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The original article was published on Luxeat.com

James Beard Award receiver, Nancy Singleton Hachisu is an expert of unique and authentic Japanese cuisine. Born and raised in California, she first went to Japan over 32-years ago where she now lives on a farm with her Japanese husband and their family.

On a quest to advocate for Japan’s disappearing food traditions, Nancy has written a series of books, Japanese Farm Food (Sept 2012), Preserving the Japanese Way (Aug 2015), Japan: The Cookbook (April 2018), Food Artisans of Japan (Nov 2019), and is currently penning a book on Japanese temple food. …


The original article was published on Luxeat.com

Author of Food, Sake, Tokyo, an exploration of Tokyo’s food scene, Yukari Sakamoto is on a mission to demystify Japanese cuisine. Trained at the French Culinary Institute and the American Sommelier Association, she also passed the rigorous exam to become a certified shochu adviser. She teaches classes on food, wine, and shochu, and conducts culinary tours of Tokyo’s shops and markets. Born in Tokyo and raised in Minnesota, Yukari brings insights from both cultures to shed light on Japanese cuisine.

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Yukari Sakamoto

Aiste: What is the secret of Japanese cuisine?

Yukari: I think one of…


The original article was published on Luxeat.com

Dining out in Tokyo doesn’t always adhere to Western expectations. The customer is not always right and sometimes not always welcome. There are secret spots from the old-world kissaten coffee shops where you can still find people smoking, to restaurants with no-signage that operate on the second floor of a backstreet apartment block. But even the more prominent restaurants often require an introduction to be able to reserve. These places are not only hard to book and hard to find but often intentionally shy away from Western eyes, and mouths, in the belief…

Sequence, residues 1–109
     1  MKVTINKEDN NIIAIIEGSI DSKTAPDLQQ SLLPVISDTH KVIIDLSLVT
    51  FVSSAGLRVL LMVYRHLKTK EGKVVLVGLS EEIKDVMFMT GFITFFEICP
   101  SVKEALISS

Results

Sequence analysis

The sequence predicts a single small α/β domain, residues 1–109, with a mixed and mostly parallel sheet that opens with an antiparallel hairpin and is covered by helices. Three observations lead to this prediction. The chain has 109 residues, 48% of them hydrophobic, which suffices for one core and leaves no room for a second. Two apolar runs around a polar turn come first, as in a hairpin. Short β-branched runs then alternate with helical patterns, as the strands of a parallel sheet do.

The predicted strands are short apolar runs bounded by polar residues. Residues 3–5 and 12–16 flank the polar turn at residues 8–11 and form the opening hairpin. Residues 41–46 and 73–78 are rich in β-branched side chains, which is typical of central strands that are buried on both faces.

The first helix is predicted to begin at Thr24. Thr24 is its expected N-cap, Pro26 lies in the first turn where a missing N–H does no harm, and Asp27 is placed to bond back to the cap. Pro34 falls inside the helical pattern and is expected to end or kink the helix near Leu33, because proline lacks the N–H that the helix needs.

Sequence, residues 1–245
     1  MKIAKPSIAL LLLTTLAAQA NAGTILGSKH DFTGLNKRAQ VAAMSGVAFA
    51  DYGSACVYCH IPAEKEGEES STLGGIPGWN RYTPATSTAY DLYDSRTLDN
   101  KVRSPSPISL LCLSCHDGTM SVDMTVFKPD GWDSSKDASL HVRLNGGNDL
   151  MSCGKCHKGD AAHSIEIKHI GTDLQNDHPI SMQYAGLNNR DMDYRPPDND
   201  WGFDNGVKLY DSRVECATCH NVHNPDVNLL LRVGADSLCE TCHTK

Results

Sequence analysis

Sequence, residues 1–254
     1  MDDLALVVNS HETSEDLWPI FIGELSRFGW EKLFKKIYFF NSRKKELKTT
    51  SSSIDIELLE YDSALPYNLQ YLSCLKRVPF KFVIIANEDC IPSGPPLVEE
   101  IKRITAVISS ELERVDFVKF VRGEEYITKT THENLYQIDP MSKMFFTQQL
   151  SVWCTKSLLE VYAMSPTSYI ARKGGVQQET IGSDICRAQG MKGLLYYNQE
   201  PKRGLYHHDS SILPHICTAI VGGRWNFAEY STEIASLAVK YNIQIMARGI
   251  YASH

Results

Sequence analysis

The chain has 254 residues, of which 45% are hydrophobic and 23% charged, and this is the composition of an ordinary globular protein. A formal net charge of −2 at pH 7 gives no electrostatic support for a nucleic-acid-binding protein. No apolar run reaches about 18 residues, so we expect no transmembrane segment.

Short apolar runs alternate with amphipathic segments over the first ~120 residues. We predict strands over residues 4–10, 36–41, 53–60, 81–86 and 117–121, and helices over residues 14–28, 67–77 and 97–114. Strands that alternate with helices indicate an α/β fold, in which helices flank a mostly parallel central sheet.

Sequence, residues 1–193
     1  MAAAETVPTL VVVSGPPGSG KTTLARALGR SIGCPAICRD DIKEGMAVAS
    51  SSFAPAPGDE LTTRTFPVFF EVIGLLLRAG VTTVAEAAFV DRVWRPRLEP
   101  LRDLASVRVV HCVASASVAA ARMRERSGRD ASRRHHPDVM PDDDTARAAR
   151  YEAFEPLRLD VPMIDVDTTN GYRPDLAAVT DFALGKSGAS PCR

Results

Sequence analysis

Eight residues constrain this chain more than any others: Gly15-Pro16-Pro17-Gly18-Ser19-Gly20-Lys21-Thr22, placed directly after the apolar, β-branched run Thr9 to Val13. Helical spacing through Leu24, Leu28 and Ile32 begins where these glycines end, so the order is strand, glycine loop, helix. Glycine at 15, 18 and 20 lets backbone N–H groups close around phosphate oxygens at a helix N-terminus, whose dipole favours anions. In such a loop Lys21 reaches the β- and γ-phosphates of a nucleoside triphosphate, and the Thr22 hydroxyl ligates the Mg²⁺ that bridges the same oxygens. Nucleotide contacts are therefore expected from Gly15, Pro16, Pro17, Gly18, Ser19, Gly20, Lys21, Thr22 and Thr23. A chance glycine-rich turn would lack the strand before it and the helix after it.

Here’s a list of my favourite books about Japan. They have influenced me and taught me a lot about Japanese culture: cooking, travel, design and art. Check them out. A great way to spend those cool Autumn evenings.

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Flavor and Seasonings: Dashi, Umami and Fermented Foods

by The Japanese Culinary Academy

COOKING · buy it from Amazon

It could be considered the bible of the Japanese cuisine. It’s written by Murata Yoshihiro, who is an icon in Japan, he is a chef of a legendary kaiseki restaurant in Kyoto called Kikunoi, also he is an author of many Japanese books and a director of Japanese culinary academy.

The…


The original article was published on Luxeat.com

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When you think of Japanese food, what comes into your mind? A glistening red and white striped prawn draped over a wedge of vinegared rice? Or perhaps a bowl of cloudy miso soup with tofu cubes settled at the bottom? When Japanese food is concerned, sushi, ramen or tempura have become clichés in the Western world. That doesn’t always communicate the depth of the Japanese cuisine and doesn’t answer the following question: why foodies and chefs from around the world have been so inspired by the Japanese cooking traditions?